In April, I attended a scenario training workshop hosted by the Global Business Network for one week in Berkeley, California. About 20 participants from backgrounds as diverse as the CIA, Royal Dutch Shell, LG, the Brazilian postal service, and UC Berkeley attended. Other than a hydrologist working in climate adaptation, I was the only attendee explicitly motivated to apply scenario thinking tools to the non-profit sector (and the only lawyer).
After the week-long course, one of my biggest learnings was that more advocates should seek out tools (like scenario thinking) that allow new ideas to refresh old ideologies. For as statistician John Tukey said, “Far better an approximate answer to the right question, than an exact answer to the wrong question.” Too often we get stuck asking and answering the wrong questions. It’s safe. But safe futures are unseen futures.
I’ll be more specific. How did my thinking change?
The training was very hands-on. Participants broke up into three teams, and each team shaped a scenario around a focus question. My scenario teams’s initial focus question was, “How will changing global inequality impact social stability over the next ten years?”
My old assumptions were that 1) the environment and climate change would be central to the storyline; 2) stability would decrease under all scenarios; and 3) change would be slow (too slow). None of these turned out true.
Thus, new beliefs emerged: 1) Other forces besides climate change exert equally strong leverage on social stability—climate change was an underlying force rather than a separate issue and the scenario was just as relevant; 2) nothing is inevitable; and 3) logic can contradict and still be logical.
Areas that I identified I need to learn more about: 1) What military leaders think about the security narrative for the 21st century in light of increasing inequality?; 2) Keep looking to the developing world as a laboratory for the future. New institutions and leaders are emerging outside the industrialized countries that will reshape the world as we know it. What as an internationally minded lawyer does this mean about the role of transnational law in the future?; and 3) How can I learn more about presidential leadership in emerging countries (young leaders especially, such as Kim Jong-un of North Korea).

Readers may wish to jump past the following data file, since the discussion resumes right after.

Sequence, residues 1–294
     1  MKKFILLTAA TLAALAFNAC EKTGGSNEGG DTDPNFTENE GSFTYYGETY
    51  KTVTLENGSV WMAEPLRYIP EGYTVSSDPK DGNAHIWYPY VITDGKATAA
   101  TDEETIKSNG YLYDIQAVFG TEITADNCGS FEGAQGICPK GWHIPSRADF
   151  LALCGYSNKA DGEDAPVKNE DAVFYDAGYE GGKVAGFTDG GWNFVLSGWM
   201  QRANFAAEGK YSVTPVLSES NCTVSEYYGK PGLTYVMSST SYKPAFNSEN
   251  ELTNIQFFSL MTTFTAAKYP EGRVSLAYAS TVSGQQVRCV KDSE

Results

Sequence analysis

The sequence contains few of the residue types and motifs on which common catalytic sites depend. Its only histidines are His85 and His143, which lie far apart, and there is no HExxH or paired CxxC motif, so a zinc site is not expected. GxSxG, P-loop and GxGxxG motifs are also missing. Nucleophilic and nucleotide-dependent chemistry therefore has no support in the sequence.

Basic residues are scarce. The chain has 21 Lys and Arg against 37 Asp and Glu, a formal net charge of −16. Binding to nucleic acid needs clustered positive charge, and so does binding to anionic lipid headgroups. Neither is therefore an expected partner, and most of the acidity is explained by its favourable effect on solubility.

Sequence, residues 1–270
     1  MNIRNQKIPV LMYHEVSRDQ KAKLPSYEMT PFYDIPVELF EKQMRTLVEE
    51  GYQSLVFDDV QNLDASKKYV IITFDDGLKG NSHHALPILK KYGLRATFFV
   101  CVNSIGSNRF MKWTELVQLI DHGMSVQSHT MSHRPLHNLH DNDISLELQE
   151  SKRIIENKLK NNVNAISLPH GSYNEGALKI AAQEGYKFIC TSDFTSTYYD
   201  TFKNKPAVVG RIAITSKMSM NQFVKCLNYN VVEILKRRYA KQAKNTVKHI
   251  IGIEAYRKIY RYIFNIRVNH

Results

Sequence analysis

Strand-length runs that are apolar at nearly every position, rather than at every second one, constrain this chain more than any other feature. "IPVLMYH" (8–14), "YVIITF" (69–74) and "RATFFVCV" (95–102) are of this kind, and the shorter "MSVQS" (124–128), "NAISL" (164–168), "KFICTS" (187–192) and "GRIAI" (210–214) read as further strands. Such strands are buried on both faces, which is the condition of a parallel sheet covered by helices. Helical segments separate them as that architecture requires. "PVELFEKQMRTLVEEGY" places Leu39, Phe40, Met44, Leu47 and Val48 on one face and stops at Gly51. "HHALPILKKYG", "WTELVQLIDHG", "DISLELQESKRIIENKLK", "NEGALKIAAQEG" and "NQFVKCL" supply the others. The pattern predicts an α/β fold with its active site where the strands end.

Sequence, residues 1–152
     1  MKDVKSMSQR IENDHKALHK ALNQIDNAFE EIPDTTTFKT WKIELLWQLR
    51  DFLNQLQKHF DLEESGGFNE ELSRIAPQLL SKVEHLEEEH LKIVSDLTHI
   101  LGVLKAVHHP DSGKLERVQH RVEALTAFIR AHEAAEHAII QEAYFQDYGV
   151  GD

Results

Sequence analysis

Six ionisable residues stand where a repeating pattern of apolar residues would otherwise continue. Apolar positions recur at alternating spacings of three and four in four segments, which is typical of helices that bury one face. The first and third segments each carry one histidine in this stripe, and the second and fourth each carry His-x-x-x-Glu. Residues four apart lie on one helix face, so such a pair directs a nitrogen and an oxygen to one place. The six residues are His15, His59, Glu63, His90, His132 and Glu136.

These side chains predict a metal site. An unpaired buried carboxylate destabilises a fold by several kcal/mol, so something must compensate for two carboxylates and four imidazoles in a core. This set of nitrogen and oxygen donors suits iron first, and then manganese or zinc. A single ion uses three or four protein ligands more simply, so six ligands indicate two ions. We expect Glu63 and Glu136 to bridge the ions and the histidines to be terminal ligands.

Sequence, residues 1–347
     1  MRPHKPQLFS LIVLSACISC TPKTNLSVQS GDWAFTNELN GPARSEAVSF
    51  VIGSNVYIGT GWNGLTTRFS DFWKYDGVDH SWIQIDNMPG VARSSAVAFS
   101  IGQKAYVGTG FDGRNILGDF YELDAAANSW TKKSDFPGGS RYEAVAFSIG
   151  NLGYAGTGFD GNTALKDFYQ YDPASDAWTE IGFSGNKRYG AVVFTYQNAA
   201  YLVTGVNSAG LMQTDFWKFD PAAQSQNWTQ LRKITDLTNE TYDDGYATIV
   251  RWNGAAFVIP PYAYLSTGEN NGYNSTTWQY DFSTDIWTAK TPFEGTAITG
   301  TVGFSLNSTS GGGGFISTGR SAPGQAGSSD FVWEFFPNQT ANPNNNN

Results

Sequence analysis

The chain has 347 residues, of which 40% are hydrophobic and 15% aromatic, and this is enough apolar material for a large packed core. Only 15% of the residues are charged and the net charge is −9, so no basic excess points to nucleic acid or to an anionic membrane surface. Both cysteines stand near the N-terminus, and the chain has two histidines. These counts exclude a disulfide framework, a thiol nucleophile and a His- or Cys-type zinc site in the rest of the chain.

After the week-long scenario exercise, a new focal question emerged in my mind. What question were we really asking when we started? I came up with this: Which parts of the developing world will have the most significant impact on optimism in America over the next 20 years?
Overall, scenario thinking tools gave me the freedom and courage to interrogate official futures as well as my own logic and assumptions. I left still wondering whether scenario thinking tools can be as useful for the powerless as they have been for the Fortune 500 companies that have used scenarios to shape markets for decades.
Here’s a graphic recording (click here to enlarge) of the workshop’s final debrief, highlighting themes and elements of story, uncertainty, creativity, and collaboration as key to the process of developing and using scenarios to plan for uncertainty. Image credit © Lynn Carruthers, GBN